The University of Missouri has created ‘inclusive’ event guidelines for students which ask organizers to consider having “a counselor present” for “triggering events” and avoid “exclusionary” colors in promotional material.
The guidelines, which are broken up into six sections of “who, when, where, why, what, [and] how,” offer students a check-list of sorts for “how to think inclusively when planning an event.” The guidelines list questions organizers should ask themselves to make sure a planned event is “inclusive.”
“If my event is potentially triggering, have I consulted with someone from the counseling center or have a counselor present?” one question asks. Another urges students to consider whether “a ‘safe’ or ‘brave’ space” is necessary for the event.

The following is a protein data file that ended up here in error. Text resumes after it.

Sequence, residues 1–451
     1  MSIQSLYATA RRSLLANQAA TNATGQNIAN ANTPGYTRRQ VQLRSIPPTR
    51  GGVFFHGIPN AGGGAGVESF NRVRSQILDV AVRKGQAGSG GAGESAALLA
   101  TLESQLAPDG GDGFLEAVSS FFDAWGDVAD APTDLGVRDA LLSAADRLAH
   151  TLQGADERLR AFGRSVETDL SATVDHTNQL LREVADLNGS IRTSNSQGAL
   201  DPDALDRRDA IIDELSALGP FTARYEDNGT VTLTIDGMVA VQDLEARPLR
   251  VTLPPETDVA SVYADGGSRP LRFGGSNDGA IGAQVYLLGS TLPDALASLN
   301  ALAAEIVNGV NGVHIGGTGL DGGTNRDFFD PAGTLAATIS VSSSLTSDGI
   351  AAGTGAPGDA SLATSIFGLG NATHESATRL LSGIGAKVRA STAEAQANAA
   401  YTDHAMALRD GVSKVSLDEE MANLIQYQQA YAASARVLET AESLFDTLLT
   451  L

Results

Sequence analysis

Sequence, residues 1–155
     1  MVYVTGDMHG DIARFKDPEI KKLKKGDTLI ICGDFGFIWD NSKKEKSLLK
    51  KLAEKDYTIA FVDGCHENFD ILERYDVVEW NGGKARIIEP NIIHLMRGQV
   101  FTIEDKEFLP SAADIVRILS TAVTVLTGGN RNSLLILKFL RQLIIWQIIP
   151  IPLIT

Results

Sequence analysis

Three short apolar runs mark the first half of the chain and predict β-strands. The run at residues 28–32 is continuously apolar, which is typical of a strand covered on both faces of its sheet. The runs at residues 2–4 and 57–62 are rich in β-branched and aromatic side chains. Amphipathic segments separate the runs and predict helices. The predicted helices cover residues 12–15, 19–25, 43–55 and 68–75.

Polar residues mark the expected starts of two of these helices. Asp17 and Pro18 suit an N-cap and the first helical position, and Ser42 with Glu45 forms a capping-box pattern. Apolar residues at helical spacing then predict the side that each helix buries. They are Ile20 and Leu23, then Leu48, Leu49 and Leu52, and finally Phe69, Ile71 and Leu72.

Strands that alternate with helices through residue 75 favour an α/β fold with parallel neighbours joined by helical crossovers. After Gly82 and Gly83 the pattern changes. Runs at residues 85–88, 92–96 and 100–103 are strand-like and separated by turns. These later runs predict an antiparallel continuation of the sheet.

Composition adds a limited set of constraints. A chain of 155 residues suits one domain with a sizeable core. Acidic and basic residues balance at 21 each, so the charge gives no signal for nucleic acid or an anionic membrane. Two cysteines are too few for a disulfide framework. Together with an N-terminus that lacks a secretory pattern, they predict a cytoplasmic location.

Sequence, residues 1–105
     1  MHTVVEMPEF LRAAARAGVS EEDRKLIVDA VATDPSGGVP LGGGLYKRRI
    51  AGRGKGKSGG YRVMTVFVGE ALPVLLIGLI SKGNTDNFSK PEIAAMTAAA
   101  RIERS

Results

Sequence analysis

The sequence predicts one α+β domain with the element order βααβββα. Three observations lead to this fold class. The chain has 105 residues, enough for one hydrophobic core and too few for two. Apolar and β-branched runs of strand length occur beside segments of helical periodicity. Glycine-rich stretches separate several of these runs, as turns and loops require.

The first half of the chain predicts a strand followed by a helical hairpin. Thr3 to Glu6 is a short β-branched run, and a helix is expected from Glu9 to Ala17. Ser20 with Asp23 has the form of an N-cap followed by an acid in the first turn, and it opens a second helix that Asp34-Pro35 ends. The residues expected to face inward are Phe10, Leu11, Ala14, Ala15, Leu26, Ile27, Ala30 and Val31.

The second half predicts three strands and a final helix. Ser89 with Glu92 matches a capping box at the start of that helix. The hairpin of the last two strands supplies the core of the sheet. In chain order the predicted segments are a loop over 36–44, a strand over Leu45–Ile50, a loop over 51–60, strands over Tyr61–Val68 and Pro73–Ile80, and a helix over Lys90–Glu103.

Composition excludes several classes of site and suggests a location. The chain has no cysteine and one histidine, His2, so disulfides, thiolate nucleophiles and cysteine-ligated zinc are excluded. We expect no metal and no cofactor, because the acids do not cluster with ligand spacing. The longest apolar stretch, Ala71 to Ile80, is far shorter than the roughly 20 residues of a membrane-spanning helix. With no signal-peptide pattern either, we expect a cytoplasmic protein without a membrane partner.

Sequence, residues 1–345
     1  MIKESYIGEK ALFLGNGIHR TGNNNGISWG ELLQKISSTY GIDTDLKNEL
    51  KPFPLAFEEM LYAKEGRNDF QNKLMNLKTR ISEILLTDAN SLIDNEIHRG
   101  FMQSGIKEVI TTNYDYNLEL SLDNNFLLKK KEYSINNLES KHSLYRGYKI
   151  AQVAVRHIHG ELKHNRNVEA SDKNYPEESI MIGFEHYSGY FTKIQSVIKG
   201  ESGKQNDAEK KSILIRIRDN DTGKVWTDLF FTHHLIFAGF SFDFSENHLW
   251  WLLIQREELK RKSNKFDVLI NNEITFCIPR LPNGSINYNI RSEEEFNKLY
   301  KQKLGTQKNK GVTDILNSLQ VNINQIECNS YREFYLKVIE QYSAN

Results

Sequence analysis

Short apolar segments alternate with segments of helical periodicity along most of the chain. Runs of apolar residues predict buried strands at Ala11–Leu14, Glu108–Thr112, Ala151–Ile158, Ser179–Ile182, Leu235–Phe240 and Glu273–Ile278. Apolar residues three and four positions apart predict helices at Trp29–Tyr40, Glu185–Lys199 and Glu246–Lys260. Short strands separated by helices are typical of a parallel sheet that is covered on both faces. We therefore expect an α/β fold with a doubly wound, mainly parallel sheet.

The guidelines also focus on advertising for potential events, asking students to be “conscious of the colors and how they can be exclusionary or stereotypical.” It also suggests that organizers should be aware of the language used in advertisements as it “can potentially be bias [sic].”
“Am I conscious of not tokenizing individuals, but still working to actively reflect your program/initiative?” the guidelines remind students to ask themselves.
The guidelines also attempt to ensure that decorations used at events “aren’t culturally appropriative or misrepresenting to other cultures” by “doing my research on a culture I am attempting to appreciate.”
According to the university, “bars, churches, temples, etc. may not feel exclusive, but may be perceived as such by some.” It also advises that students should consider “having Kosher food, Halal food, or periods of fasting,” when they think about refreshments in order to stay inclusive.
The long list, which can be found here, is apparently “not an end all be all checklist for inclusion.”
The footnote of the checklist states: “If it is brought to your attention that this event or the planning of the event offends or has offended someone, be sure to apologize, commit to doing better next time, and take it as an opportunity to learn and grow.”
Featured Image Via Facebook/Mizzou